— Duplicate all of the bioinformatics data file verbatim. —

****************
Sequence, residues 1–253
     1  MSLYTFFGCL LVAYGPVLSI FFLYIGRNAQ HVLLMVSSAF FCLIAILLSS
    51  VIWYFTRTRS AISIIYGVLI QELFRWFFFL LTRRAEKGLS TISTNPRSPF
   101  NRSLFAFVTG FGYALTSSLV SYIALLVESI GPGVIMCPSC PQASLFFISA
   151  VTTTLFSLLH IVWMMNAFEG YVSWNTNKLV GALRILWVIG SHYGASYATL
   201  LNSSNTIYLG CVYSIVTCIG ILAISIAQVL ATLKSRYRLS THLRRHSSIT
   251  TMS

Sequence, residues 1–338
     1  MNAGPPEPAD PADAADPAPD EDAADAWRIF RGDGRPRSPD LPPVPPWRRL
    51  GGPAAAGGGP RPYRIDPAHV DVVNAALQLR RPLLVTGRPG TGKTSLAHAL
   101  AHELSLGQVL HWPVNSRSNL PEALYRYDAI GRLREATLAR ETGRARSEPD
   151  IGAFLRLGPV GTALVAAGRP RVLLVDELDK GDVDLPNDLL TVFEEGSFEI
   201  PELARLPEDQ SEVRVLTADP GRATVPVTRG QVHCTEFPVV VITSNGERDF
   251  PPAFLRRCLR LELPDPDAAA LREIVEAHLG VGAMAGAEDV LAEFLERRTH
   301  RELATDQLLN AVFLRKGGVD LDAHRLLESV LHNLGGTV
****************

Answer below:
Sequence, residues 1–253
     1  MSLYTFFGCL LVAYGPVLSI FFLYIGRNAQ HVLLMVSSAF FCLIAILLSS
    51  VIWYFTRTRS AISIIYGVLI QELFRWFFFL LTRRAEKGLS TISTNPRSPF
   101  NRSLFAFVTG FGYALTSSLV SYIALLVESI GPGVIMCPSC PQASLFFISA
   151  VTTTLFSLLH IVWMMNAFEG YVSWNTNKLV GALRILWVIG SHYGASYATL
   201  LNSSNTIYLG CVYSIVTCIG ILAISIAQVL ATLKSRYRLS THLRRHSSIT
   251  TMS

Sequence, residues 1–338
     1  MNAGPPEPAD PADAADPAPD EDAADAWRIF RGDGRPRSPD LPPVPPWRRL
    51  GGPAAAGGGP RPYRIDPAHV DVVNAALQLR RPLLVTGRPG TGKTSLAHAL
   101  AHELSLGQVL HWPVNSRSNL PEALYRYDAI GRLREATLAR ETGRARSEPD
   151  IGAFLRLGPV GTALVAAGRP RVLLVDELDK GDVDLPNDLL TVFEEGSFEI
   201  PELARLPEDQ SEVRVLTADP GRATVPVTRG QVHCTEFPVV VITSNGERDF
   251  PPAFLRRCLR LELPDPDAAA LREIVEAHLG VGAMAGAEDV LAEFLERRTH
   301  RELATDQLLN AVFLRKGGVD LDAHRLLESV LHNLGGTV